high frequency trading

A federal appeals court found that making Goldman angry is not a violation of federal law, freeing poor old Sergey so that he could face the same charges in state court. But making Ken Griffin angry? That’s a whole other story—one that could involve 20 years in prison for a plucky 26-year-old programmer who Citadel politely asked to stop downloading its secret sauce onto personal hard drives, but who kept doing it anyway. Read more »

It’s because he has to. Read more »

And the flaxen-maned former CFTC commissioner said it—basically the same high-frequency traders aren’t evil but should be regulated stuff he pedaled during his regulatory years—with nary a metaphor or folklore reference in sight. Read more »

Antony Jenkins, promoted to run Barclays Plc after the Libor scandal, pledged to overhaul the bank’s culture, committing to values of integrity and respect. Allegations of fraud on his watch are undermining his plan. Barclays lied to customers and masked the role of high-frequency traders as it sought to boost revenue at one of Wall Street’s largest private trading venues, New York Attorney General Eric Schneiderman said in a civil complaint filed June 25. He cited a pattern of misleading and false representations that went on as recently as April. The first allegations of new misconduct since Jenkins was named chief executive officer of the London-based bank in August 2012 mark a setback in his efforts to break with the past and sent shares plunging the most since he took over. A hit to the reputation of the Barclays LX dark pool also would hinder Jenkins’s effort to turn around the firm’s investment bank by focusing on equities. [Bloomberg]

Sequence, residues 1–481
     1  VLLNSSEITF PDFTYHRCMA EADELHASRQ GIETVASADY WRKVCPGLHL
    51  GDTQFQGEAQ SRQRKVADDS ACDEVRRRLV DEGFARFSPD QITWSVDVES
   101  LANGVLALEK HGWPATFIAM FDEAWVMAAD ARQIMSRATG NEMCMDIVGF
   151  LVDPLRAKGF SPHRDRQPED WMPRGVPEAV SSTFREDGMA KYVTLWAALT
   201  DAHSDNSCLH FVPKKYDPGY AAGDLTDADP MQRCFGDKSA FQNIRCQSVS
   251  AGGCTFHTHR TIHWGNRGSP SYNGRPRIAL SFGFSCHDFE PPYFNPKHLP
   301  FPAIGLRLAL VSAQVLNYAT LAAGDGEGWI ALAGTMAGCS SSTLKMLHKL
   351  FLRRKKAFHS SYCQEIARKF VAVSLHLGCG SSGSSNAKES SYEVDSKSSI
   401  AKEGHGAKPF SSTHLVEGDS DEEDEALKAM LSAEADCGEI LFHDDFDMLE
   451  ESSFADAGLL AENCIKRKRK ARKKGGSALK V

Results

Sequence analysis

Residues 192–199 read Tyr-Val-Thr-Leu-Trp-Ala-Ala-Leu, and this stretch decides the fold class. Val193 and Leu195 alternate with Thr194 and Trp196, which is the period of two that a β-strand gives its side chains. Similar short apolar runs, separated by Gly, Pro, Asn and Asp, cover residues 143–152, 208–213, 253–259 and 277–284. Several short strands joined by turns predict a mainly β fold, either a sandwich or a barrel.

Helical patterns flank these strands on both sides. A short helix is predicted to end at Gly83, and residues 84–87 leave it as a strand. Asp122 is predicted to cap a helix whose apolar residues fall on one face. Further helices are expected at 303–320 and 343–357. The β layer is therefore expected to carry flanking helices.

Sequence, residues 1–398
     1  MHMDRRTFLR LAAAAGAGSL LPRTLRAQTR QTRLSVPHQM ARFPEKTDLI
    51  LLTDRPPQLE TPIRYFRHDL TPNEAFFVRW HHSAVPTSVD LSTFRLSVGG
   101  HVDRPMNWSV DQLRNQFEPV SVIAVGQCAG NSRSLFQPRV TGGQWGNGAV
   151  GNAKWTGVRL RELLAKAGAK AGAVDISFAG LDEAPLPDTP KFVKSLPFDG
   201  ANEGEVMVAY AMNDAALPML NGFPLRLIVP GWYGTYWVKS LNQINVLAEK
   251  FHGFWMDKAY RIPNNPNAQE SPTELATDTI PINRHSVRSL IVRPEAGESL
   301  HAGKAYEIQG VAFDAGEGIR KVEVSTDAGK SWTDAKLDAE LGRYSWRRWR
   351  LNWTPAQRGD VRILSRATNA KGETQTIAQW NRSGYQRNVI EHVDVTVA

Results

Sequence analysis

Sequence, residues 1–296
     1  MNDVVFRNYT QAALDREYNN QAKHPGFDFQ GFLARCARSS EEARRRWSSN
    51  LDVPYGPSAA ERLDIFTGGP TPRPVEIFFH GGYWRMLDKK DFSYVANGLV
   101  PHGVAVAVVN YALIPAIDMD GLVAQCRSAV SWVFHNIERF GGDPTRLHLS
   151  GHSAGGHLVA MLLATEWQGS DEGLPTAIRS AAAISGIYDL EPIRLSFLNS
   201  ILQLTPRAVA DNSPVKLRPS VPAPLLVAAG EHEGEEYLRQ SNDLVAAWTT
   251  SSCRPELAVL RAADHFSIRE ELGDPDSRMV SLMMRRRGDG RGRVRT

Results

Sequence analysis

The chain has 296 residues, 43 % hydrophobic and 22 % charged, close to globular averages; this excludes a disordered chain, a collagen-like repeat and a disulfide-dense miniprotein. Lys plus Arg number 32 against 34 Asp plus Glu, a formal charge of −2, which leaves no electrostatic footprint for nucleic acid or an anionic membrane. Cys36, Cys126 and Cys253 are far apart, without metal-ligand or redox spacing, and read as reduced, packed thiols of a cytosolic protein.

Chad Johnson, head of New York’s Investor Protection Bureau, told a conference today that while Attorney General Eric Schneiderman examines trading practices, Wall Street should help by suggesting ways to change for the better. It would be a mistake to think concerns about stock-market fairness are just bad publicity or extreme language used by critics, he said…He welcomed moves by some dark pools to make certain regulatory filings public. He said he hopes high-frequency trading firms and dark-pool operators “will engage in some soul-searching and step forward with ideas about how certain practices ought to be curtailed and reformed for the better.” [Bloomberg]

The government wants to make sure that the Elect are remaining on a righteous path. Read more »

They won’t be able to enforce it, but they’ll promulgate the rule all the same. Read more »